As a newly-saved Christian, I was impressed by the kindness and sincere Christian hospitality that was afforded to me as a foreign student in England and Boston and then in New Jersey when I started working in New York City. Believers showed me they were truly concerned about my welfare by opening their homes to me, making sure that I had transportation to the meetings, and a place to go for a meal after the breaking of bread. They made me a part of their family gatherings during weekends and holidays and took care to ensure that I was growing spiritually as well. This made a lasting impression on me and I am grateful after all these years, and sorely miss many of those hospitable saints who have been called home.
The word for hospitality in the Greek means “love for strangers.” This love demonstrates itself through meeting the needs of people who pass our way. In the New Testament we read of hospitality for our brothers and sisters in Christ and also for strangers. We should be “distributing to the necessity of saints; given to hospitality” (Rom 12:13). We are reminded, “Be not forgetful to entertain strangers: for thereby some have entertained angels unawares” (Heb 12:2).
Motives of Christian Hospitality
In this fast-moving, busy, and “what is in it for me” world in which we live, we need to remember the true motive for showing hospitality. We read of the King who “answered and said unto them, Verily, I say unto you, inasmuch as ye have done it unto one of the least of these My brethren, ye have done it unto Me” (Matt 25:40). The motive is clear: the believer shows cheerful hospitality because of the love of Christ, our King, expecting nothing in return from the recipient of the hospitality. Further, the apostle Peter urges the believers to “use hospitality one to another without grudging” (1 Pet 4:9). We should be giving what is right and not what is left.
A good example of Christian hospitality is found in 3 John. Gaius was commended by the apostle John for being faithful in extending hospitality especially to the traveling preachers/ministers. He did it faithfully and consistently “to the brethren, and to the strangers” (v 5), did it with love and “after a godly sort” (v 6), in a manner worthy of God. In addition, Gaius did it “for His name’s sake” (v 7) which is the ultimate motive. Many have come to know Christ as their Savior through the hospitality of believers to total strangers.
Methods and Ways of Extending Hospitality
There are numerous ways that a believer can extend Christian hospitality. This is not confined to the assembly gathering or to individual homes. The challenge for us is to recognize the needs around us and provide for those needs of the believers and strangers with whom we come in contact. Sometimes it is sad to see that it is the same few believers who consistently extend hospitality to believers and strangers that may drop by. Extending Christian hospitality is not limited to the overseers of the assembly but to all that love the Lord; to do so is to act “faithfully” (3 John 5).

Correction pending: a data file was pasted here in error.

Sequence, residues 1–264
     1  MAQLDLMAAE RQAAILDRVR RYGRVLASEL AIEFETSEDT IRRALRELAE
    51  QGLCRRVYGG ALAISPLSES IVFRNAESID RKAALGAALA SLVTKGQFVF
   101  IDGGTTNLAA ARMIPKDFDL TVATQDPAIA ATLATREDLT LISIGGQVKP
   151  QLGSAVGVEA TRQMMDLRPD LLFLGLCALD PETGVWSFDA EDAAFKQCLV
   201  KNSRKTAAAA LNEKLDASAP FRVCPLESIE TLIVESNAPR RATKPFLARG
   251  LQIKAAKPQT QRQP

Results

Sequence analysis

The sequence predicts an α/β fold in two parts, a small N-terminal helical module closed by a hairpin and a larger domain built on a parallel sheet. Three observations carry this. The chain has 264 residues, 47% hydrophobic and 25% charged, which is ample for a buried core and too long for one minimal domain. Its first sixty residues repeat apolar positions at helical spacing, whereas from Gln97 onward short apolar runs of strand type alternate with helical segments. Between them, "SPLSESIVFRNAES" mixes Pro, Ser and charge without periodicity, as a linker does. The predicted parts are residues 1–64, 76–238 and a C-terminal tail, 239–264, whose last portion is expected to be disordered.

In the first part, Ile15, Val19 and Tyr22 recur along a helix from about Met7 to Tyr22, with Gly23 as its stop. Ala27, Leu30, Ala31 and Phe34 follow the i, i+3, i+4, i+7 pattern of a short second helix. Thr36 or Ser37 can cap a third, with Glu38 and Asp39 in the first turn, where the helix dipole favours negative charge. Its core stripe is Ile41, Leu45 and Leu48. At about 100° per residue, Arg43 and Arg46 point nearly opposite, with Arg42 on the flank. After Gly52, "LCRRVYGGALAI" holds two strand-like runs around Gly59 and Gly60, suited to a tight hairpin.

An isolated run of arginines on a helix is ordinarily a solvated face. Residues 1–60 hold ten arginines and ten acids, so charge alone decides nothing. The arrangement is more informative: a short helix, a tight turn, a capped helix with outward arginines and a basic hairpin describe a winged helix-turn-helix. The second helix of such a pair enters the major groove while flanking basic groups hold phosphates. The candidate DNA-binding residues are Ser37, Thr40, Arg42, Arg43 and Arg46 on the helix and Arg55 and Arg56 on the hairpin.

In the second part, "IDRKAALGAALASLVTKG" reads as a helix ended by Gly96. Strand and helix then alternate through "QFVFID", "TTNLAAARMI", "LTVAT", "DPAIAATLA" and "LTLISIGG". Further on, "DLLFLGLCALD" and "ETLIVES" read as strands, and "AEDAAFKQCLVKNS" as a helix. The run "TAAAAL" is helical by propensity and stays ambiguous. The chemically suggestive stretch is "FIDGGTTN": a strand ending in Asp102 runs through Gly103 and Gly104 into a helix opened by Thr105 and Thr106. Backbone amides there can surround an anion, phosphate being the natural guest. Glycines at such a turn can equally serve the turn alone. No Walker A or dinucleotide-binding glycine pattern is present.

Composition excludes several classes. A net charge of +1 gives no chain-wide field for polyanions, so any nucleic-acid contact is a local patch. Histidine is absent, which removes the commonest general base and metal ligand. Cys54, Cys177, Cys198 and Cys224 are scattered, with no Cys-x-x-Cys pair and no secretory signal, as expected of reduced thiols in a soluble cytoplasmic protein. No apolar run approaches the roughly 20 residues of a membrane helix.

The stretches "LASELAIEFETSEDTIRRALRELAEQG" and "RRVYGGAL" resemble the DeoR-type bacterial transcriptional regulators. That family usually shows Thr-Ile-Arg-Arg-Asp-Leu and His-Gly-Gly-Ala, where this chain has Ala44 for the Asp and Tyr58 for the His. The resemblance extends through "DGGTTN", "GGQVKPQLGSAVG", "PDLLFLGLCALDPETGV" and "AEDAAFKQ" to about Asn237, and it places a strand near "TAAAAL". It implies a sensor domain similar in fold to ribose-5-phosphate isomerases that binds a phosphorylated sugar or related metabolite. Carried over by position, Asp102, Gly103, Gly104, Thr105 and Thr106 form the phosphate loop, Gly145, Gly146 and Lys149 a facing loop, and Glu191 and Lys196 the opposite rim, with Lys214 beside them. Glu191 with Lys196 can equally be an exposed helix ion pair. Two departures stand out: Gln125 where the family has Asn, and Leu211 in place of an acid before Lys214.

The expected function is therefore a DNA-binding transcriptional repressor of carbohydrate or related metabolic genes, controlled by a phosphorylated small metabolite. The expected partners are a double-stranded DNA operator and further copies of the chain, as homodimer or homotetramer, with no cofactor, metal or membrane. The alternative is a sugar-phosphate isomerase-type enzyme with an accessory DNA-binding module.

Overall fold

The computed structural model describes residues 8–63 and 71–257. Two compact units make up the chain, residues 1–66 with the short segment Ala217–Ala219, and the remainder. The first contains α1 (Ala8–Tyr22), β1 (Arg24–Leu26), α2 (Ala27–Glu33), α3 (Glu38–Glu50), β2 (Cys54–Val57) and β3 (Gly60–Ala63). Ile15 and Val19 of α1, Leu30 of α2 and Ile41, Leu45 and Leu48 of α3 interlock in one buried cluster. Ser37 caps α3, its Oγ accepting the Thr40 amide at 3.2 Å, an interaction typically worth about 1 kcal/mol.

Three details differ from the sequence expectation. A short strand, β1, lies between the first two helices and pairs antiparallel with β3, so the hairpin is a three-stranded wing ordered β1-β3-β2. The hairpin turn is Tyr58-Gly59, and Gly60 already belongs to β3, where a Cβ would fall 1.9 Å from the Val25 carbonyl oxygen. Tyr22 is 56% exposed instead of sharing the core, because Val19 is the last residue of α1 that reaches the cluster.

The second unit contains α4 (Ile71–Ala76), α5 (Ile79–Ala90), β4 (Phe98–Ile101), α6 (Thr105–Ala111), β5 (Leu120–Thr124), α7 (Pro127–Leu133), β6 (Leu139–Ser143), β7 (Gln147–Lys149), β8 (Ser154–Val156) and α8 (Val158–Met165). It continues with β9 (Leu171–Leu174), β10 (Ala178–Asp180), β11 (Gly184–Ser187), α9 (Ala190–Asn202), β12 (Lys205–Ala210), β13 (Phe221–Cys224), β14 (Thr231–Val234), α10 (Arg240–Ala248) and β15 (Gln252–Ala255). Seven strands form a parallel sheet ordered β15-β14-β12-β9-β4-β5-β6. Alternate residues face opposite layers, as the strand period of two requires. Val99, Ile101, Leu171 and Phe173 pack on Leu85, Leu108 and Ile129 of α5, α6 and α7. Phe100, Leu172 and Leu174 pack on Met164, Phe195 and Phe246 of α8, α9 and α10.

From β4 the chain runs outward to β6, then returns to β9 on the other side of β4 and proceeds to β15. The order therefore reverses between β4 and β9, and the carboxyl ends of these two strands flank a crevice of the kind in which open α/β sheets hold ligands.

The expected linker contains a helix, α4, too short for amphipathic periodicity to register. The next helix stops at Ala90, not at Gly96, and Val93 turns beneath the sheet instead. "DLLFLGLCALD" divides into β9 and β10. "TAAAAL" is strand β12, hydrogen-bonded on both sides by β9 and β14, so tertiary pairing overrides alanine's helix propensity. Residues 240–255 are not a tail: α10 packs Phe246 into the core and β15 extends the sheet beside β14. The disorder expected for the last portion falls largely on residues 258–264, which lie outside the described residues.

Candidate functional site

We sometimes hear that an assembly is quite “cold” and very few extend a welcome to visitors, or invite them to their home. Perhaps we should ask ourselves when the last time was that our home was open to the believers from the assembly and to visitors. One can find many excuses for not wanting to do so. When we hear the letter of commendation from a visiting believer read in the meeting, and Romans 16:2 is quoted, “That ye receive … in the Lord, as becometh saints, and that ye assist … in whatsoever business … hath need of you” do we take this seriously or just leave it for the overseers to handle?
Means of Extending Hospitality
We have tasted the goodness and kindness of the Lord. He is able to provide. To some He grants material wealth, to some physical health, and to some neither wealth nor health that they might be an example of faithfulness to God through the most difficult of circumstances. The goal is to glorify the Lord regardless of our level of health or wealth. Our home, apartment, or car may not be the greatest, but we are still able to extend help and assistance to others. We may not be the best of cooks, but often a simple coffee and donut in the home will do.
In conclusion, watch for those godly men and women who practice true Christian hospitality. Follow those that have a love for the believers and even strangers, an openness to befriend others who are new, a faithful support and encouragement to the assembly, and the love of seeing souls come to Christ. These saints recognize need and provide for the believers wherever necessary and are not selfish.